The promise is not that we have an easy life, or that all our enemies will be defeated on the timescales we want, but that God will support us. All the disasters that Paul listed may come our way but we are sure that nothing can separate us from the love of God in Christ.

The final stanza: but I trusted in your steadfast love, my heart shall rejoice in your salvation I will sing to the Lord because he has dealt bountifully with me. However great the pressure, the choice of response is still David’s. David remembers God is his salvation.

God has dealt bountifully with him and God deserves praise. More than that, David’s heart rejoices he does not praise out of duty just because he should, he praises from the heart. He sings to the Lord because his heart is overflowing with joy, because of what God has done for him and in assurance of what God will do for him; even though it be inexplicable and painful. Reminds me of the end of Habakkuk.

Though the fig-tree does not bud and there are no grapes on the vines,though the olive crop fails and the fields produce no food,though there are no sheep in the sheepfold and no cattle in the stalls,yet I will rejoice in the Lord ,I will be joyful in God my Saviour.The Sovereign Lord is my strength;he makes my feet like the feet of a deer,he enables me to tread on the heights.and of Paul’s words

Rejoice always, pray without ceasing, give thanks in all circumstances; for this is the will of God in Christ Jesus for you.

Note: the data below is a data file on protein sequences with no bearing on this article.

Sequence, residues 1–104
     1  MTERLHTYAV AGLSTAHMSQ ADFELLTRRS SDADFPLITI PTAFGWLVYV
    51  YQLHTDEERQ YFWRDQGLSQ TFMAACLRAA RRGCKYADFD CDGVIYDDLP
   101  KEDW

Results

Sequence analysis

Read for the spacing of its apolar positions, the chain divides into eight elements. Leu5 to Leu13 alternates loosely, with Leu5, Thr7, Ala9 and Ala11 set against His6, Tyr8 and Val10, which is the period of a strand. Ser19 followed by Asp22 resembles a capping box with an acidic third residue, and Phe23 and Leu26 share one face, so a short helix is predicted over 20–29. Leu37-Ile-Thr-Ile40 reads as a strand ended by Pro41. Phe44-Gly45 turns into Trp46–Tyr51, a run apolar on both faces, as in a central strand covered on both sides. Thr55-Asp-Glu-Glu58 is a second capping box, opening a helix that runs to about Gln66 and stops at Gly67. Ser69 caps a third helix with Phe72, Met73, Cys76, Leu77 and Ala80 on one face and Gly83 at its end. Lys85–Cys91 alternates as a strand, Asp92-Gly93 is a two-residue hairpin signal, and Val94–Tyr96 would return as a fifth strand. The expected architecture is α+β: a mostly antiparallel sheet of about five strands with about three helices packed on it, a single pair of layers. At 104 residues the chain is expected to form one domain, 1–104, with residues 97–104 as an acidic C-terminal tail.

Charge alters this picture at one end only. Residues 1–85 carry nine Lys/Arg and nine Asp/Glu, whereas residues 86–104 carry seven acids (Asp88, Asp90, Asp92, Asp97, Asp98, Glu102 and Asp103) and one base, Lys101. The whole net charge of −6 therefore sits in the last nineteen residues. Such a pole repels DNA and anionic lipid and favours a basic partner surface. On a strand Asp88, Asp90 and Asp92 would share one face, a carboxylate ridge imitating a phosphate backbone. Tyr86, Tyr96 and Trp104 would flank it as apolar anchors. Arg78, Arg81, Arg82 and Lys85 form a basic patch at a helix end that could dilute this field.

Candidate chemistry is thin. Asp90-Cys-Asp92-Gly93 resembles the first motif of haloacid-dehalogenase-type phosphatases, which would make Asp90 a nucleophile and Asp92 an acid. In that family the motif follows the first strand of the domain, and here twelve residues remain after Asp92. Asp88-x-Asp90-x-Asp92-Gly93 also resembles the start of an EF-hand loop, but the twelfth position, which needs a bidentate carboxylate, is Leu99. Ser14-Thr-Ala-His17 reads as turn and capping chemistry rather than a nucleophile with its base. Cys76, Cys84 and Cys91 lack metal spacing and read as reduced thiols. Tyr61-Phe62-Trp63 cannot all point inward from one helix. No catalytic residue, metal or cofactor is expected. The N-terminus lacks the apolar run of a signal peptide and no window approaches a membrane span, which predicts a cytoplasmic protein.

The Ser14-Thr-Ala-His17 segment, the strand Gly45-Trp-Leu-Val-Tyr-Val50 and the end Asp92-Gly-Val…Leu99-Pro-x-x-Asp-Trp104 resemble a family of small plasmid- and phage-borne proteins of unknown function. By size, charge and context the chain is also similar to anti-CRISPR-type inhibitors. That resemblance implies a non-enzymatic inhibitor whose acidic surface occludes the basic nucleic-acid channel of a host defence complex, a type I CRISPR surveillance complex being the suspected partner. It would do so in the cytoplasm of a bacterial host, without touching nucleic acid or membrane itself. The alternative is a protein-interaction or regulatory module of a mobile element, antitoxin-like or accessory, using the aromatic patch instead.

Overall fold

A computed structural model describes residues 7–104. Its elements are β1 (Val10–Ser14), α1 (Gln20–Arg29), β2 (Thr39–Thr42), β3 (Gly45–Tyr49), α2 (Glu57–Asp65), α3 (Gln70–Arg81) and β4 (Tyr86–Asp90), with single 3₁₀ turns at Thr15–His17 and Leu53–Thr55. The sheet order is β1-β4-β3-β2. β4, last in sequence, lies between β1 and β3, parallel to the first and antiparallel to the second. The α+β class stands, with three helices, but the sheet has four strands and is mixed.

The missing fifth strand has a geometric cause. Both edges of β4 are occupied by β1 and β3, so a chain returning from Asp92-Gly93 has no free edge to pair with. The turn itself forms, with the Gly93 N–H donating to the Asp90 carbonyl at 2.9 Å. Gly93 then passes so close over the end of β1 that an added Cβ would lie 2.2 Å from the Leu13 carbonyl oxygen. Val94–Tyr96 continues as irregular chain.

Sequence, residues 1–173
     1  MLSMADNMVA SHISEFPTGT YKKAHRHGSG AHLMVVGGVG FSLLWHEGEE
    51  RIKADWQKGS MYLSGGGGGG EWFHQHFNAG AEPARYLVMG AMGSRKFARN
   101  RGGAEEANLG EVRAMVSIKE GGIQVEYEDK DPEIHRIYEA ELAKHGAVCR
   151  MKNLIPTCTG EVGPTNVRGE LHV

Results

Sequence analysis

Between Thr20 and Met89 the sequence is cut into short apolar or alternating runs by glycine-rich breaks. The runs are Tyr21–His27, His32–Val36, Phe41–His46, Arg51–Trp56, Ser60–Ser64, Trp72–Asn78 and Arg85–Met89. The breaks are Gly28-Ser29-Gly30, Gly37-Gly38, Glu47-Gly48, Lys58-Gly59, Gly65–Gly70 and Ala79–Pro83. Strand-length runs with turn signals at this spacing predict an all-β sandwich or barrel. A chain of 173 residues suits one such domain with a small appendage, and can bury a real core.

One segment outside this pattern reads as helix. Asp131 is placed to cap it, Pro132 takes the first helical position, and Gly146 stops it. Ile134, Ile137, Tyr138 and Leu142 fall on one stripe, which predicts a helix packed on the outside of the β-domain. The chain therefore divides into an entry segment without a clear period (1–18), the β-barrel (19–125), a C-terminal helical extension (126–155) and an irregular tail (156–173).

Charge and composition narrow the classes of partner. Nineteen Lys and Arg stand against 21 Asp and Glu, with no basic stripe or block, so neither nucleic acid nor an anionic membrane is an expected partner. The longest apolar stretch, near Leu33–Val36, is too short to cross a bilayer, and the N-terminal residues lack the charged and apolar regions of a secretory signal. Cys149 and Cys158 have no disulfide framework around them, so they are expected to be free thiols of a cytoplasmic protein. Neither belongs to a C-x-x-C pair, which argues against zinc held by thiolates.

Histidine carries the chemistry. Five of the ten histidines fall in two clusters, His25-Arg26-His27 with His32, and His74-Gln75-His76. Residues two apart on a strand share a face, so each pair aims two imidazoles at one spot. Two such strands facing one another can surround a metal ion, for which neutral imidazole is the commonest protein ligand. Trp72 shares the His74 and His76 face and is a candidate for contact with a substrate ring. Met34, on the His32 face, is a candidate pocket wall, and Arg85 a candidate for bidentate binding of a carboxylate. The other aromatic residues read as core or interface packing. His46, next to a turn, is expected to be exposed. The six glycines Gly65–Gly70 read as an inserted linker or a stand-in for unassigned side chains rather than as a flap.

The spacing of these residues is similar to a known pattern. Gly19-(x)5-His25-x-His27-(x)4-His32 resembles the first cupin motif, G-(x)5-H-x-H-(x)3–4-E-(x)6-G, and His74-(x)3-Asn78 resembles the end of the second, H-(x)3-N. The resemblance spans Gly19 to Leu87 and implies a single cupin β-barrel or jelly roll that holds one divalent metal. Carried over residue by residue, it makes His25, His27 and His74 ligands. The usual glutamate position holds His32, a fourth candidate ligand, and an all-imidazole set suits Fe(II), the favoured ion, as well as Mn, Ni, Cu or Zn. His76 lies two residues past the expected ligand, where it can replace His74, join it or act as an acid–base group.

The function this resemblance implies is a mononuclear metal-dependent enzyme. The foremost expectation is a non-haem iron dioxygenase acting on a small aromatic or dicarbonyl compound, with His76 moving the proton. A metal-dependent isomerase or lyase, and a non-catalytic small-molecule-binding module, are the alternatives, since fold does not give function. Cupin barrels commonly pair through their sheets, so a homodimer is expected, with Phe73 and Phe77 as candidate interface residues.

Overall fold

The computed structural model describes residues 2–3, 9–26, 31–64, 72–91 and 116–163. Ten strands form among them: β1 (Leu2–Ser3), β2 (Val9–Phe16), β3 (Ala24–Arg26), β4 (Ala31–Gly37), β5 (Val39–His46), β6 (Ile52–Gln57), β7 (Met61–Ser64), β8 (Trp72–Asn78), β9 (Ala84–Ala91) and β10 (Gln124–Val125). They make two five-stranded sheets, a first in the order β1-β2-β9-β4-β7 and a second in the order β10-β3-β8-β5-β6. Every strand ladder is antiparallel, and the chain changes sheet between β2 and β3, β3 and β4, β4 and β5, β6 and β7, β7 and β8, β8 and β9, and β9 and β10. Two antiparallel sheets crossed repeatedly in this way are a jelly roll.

This isn’t stoicism that’s not the Christian way.

We are to be without bitterness, rancour, complaining, and grumbling but we do grieve, weep, mourn, and rejoice, even dance and sing, and as much in tune with others as for ourselves. Rejoice with those who rejoice, mourn with those who mourn. And we are called to seek changes that promote God’s kingdom and his glory. Just one example, Paul exhorts us to appeal to God on behalf of our fellow Christians: praying at all times in the Spirit with all prayer and supplication. To that end, keep alert with all perseverance, making supplication for all the saints.

Sometimes community spiritual formation can just boil down to helping people suffer well. [See article on ‘The Role of Suffering’ in Wilhoit] Paul writes, “Do not be anxious about anything but in every situation, by prayer and petition with thanksgiving, present your requests to God. And the peace of God, which transcends all understanding, will guard your hearts and your minds in Christ Jesus.”

God is always good. We can trust God. God will deliver his people.

And the God of all grace, who called you to his eternal glory in Christ, after you have suffered a little while, will Himself restore you and make you strong, firm and steadfast. To him be the power for ever and ever. Amen.